Ayo and Ono Oshodi, Artists (BIRMINGHAM, UK)

Ayo & Oni Oshodi, Brown Eyed Girl, 2010. Found painting & frame with hand-­cut eye holes (Installation view of Ayo & Oni’s hiding space and diary). Variable dimensions. Courtesy of the artists. Photo: Alastair Levy

What are the up- and downsides of you guys working together as identical twins?
The upside is that you always have another voice to sing with, but that voice can sometimes go out of tune and the song doesn’t sound as you hoped. It’s a mixture of strength, discussion and confusion and most importantly, excitement when we both feel an idea is working and agree on that. Being a twin means that we are perhaps closer than most collaborating artists. It’s like asking yourself a question in the mirror and getting multiple answers. It gets frustrating or unnerving sometimes, but on the whole it keeps us engaged and focused.

Growing up, have you always wanted to become artists? If so, is this how you imagined it to be like?
We see ourselves as artists and writers. We didn’t know how it would be, art college can’t really tell you how it’s going to be on the other side. Can anyone really imagine the darkside of the moon? We do know that we are enjoying making our work more than ever and have been getting a good response, which means that something is working.

Who is/are your biggest inspiration(s)?
They Are Here, Fischli and Weiss, Gilbert and George, Wood and Harrison, Smith and Stewart, June and Jennifer Gibbons, Marina Abramovic and Ulay (We want to feel like we could have an arrow pointed at our heart by someone we trust).

What is the most challenging thing about the ‘Their Wonderlands’ exhibition?
It’s demanding in a time sense in that we have now spent 6 weeks in a very small dark triangular shaped room, peeping out from a painting (Brown-eyed Girl, 2010-11), which has it’s eyes drilled out so we can look out through them and watch gallery visitors. We are by nature solitary people, who make work out of a desire to explore these types of subtle engagement with people. However, it makes a huge psychological demand to be in these kind of endurance situations, where all you can do is watch and respond through a journal in this case. We made a rule that we will never talk back, except with a blink of an eye. The responses to the work have also been challenging; most recently, we had to put up a piece of plastic to protect our eyes behind the painting as some people thought we weren’t real and were having fun trying to poke our eyes out!!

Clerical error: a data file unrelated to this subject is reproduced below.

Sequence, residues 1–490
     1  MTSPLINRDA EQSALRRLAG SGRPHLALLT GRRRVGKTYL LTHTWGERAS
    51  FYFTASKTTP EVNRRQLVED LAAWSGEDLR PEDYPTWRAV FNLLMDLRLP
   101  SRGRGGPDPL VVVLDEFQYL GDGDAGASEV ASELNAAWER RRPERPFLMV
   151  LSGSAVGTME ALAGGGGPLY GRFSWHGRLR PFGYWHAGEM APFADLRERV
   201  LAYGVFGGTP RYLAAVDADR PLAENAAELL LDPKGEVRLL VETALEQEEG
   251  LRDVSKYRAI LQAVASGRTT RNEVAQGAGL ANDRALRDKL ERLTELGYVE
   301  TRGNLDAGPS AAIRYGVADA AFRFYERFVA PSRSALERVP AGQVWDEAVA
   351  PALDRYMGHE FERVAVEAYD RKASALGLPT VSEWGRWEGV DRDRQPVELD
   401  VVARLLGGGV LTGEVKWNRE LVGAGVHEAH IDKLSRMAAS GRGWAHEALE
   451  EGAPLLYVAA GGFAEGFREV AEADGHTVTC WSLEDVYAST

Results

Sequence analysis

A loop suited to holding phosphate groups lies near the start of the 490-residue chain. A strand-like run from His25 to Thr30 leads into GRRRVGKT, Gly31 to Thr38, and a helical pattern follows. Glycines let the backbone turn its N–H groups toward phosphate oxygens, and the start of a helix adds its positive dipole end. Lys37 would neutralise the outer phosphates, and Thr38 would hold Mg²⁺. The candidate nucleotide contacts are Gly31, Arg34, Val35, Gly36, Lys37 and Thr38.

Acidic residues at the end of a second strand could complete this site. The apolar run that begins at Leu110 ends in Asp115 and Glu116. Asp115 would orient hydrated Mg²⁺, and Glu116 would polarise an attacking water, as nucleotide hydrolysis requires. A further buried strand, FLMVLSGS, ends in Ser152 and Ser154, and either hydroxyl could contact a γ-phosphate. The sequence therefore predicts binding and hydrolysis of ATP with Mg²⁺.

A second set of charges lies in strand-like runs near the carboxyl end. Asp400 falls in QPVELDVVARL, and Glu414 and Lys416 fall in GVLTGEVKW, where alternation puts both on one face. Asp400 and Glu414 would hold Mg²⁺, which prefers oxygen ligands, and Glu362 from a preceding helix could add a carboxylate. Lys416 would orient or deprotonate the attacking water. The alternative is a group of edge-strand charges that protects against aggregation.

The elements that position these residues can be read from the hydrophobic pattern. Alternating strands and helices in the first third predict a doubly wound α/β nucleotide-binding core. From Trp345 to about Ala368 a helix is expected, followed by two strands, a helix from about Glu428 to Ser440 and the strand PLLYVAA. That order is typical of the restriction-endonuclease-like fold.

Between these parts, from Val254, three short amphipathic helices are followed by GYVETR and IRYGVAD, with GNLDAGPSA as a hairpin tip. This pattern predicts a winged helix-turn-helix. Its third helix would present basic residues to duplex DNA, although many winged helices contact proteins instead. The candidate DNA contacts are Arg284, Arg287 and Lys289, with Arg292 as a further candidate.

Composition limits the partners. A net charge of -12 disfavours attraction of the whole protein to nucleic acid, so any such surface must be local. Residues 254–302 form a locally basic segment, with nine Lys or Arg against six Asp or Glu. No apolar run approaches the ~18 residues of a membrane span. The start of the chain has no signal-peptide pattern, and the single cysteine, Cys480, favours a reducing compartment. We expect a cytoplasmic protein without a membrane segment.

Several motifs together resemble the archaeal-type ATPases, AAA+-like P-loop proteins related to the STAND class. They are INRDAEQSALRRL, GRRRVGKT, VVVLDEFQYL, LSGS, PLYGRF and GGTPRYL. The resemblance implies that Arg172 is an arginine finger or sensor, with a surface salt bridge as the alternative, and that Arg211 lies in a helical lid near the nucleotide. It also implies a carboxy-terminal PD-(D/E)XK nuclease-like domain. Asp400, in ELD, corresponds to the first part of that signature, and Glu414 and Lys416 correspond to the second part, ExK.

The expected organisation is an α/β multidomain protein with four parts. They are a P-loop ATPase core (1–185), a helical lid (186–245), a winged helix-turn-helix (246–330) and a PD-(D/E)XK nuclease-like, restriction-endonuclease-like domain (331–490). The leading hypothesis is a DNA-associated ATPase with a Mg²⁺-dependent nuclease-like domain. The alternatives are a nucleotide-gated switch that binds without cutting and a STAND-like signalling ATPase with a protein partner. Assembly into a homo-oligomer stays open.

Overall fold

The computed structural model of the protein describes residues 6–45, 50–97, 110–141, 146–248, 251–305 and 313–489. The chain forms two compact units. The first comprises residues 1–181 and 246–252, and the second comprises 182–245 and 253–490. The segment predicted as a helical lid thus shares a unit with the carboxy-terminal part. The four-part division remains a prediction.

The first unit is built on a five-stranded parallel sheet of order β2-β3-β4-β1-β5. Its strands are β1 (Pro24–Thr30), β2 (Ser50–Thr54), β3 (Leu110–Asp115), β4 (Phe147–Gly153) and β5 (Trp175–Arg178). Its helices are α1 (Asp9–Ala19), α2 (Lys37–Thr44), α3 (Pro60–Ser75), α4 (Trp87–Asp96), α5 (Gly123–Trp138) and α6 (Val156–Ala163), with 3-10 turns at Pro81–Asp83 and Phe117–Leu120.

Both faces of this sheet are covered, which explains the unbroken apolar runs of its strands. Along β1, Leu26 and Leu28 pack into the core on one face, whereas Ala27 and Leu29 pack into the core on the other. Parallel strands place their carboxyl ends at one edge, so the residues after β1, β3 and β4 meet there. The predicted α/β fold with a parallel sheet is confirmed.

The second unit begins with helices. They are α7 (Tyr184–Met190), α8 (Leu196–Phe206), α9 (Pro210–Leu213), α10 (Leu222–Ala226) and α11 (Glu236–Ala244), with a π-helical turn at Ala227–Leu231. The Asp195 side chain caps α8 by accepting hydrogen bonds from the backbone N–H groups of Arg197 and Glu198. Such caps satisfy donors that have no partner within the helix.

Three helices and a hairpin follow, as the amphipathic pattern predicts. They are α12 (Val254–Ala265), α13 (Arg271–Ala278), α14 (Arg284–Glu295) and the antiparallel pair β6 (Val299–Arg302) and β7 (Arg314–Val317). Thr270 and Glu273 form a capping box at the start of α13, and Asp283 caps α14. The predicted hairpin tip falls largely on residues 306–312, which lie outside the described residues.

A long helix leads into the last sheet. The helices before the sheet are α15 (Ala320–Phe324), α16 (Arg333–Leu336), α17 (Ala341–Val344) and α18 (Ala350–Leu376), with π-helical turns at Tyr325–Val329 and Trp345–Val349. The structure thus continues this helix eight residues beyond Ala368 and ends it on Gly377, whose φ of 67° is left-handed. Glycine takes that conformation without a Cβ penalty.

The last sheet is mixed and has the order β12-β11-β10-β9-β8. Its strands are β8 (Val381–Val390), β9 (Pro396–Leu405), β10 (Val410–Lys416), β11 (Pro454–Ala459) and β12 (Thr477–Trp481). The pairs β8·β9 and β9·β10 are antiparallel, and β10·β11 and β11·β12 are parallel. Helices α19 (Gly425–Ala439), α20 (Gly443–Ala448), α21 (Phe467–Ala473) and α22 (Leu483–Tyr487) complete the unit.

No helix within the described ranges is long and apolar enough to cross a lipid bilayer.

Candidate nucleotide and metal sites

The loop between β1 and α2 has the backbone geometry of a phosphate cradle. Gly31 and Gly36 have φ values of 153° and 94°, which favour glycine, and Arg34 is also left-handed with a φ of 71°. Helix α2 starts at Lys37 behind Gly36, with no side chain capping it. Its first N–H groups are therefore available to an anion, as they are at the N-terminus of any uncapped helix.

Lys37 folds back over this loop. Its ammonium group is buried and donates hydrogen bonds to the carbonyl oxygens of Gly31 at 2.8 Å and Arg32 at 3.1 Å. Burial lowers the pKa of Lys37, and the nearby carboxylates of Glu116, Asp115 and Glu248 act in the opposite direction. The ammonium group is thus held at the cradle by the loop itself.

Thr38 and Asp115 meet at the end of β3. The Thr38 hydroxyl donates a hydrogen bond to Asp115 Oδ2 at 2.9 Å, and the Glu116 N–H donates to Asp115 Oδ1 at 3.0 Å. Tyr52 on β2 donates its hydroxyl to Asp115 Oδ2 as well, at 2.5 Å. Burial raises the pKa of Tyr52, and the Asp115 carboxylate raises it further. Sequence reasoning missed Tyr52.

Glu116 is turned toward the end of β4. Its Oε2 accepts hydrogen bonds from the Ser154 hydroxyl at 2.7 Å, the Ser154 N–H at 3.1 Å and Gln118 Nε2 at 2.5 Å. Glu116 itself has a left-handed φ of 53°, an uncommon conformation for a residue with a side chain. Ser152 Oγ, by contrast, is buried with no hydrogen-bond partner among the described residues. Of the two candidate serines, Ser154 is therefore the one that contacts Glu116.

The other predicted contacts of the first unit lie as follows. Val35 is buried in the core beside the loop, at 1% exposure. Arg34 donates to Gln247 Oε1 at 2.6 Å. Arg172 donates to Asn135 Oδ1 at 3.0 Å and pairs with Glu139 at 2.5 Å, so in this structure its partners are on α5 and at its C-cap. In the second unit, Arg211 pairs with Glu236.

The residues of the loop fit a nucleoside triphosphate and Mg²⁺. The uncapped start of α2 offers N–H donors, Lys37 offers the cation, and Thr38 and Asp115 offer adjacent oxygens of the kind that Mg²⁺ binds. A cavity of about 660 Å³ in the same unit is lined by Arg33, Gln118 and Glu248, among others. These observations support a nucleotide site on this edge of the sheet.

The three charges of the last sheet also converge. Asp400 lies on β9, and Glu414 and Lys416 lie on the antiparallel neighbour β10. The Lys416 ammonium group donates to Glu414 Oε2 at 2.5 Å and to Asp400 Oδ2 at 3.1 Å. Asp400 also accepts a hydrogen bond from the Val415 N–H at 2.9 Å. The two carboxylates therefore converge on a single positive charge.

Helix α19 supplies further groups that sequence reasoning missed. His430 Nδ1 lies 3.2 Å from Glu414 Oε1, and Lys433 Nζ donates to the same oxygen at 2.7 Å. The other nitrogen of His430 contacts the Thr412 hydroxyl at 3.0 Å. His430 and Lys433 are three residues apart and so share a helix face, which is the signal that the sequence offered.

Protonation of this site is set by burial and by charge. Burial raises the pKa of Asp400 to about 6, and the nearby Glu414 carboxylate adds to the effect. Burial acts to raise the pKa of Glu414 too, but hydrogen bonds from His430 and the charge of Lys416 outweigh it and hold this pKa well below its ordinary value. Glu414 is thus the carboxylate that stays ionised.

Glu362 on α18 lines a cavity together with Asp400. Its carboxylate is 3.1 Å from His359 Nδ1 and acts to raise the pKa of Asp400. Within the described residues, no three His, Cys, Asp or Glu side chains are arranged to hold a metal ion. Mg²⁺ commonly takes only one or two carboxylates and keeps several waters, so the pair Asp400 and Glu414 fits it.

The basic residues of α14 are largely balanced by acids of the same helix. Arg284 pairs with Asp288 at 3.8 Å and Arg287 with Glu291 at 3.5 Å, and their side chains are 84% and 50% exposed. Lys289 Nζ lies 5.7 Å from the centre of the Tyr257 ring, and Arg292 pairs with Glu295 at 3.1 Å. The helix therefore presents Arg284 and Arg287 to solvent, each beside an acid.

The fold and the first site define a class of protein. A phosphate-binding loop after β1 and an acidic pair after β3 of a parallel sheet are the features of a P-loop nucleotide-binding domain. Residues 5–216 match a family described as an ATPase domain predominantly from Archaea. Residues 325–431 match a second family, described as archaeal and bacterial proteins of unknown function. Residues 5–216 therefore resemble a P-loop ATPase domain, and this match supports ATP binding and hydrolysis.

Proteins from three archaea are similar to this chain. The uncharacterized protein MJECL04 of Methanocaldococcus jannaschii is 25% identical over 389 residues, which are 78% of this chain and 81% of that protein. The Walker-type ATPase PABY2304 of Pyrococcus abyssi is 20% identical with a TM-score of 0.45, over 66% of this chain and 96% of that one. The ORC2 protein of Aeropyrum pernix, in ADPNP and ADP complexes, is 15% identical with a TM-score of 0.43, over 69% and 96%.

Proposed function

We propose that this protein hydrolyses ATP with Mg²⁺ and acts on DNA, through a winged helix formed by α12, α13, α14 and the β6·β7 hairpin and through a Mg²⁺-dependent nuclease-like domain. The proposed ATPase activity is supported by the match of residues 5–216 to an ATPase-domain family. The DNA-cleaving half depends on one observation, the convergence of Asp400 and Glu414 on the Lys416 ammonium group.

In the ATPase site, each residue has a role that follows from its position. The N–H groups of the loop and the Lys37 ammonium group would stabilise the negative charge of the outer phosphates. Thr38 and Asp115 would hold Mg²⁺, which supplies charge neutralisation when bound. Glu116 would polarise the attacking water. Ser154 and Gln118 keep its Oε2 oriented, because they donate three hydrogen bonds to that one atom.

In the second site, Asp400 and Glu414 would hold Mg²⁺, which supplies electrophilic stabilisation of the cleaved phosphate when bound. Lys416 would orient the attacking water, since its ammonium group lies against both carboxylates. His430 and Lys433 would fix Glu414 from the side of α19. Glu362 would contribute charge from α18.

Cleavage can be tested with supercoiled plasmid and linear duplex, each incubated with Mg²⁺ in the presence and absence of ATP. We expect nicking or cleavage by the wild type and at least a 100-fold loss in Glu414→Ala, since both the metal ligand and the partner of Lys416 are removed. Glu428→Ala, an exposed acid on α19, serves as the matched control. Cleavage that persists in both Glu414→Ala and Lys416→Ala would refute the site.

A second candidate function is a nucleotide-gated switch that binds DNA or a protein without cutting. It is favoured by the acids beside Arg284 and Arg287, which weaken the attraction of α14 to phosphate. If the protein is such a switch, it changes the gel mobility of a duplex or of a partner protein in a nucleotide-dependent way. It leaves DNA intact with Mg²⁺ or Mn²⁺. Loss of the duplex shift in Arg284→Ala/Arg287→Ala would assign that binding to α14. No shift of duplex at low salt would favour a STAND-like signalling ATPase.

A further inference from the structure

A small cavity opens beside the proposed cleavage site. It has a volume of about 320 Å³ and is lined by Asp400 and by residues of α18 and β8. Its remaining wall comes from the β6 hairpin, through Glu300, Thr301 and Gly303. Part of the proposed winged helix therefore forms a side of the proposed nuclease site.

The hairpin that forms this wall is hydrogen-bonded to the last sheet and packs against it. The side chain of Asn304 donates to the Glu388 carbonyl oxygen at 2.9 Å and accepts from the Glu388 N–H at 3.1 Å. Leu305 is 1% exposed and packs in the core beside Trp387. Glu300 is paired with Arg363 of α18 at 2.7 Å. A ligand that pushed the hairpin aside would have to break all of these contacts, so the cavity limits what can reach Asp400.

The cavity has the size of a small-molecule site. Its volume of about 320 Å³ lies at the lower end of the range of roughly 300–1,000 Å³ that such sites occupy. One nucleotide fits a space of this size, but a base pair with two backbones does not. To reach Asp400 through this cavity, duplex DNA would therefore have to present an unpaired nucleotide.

What are you trying to convey through your piece, ‘Brown Eyed Girl’?
We carefully chose a found portrait of a Caucasian women to question the pictorial representation (or absence) of women of colour historically – we are intrigued by how this affects our own sense of beauty. In doing so, we simultaneously foreground the act of watching, while remaining hidden. We are the ‘painting with eyes’ made real. The haunted house. The eyes follow you around the room. We like the idea that artists can make things that you always wanted to happen happen, in short we rate make-believe as a mode of existence, always allowing for the possibility of magic in the everyday.

Do you believe that it is more important for artists to explain the ‘real’ idea behind their works, or for the audience to interpret them as they wish?
Is there any ‘real’ idea behind anything? it’s all interpretation. We might think that we are doing something quite fixed and decisive and yet, when someone else with a different perspective comes, they see another thing altogether and maybe we realise that the ‘real idea’ behind the work is something unexpected. We are open to that. We enjoy that plurality.

You are keeping a diary of your observations from behind your painted doll’s eyes – what are the most interesting things or reactions you have seen so far?
Little screams are always a great reaction. It means the work has gone beyond the everyday safe art experience and actually impacted on someone’s pysche in a way they couldn’t control or articulate. That moment when your expectations are confounded and you realise the eyes aren’t a clever projection or hologram, but are real.  Everyday we see alot; learn alot about people, how they move around the space, maybe the most interesting is how people look when they think no one is watching… except we are!

Did the arts cuts have any effect on you at all? If so, how?
We have been lucky enough to have been well supported through a number of publicly funded institutions, including South London Gallery, Chisenhale, Battersea Arts Centre and most recently mac Birmingham and Vivid. However, it’s always tough and you’ll always need a part-time job to keep making work.

What does ‘art’ mean to you if you were to sum it up in a nutshell?
Freedom to recreate your world anew.

What words of wisdom would you give to any aspiring artists out there?
Focus and don’t be afraid.

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Click here to read about Their Wonderlands, the art exhibition in which Brown Eyed Girl is displayed.

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One Comment on “Ayo and Ono Oshodi, Artists (BIRMINGHAM, UK)”

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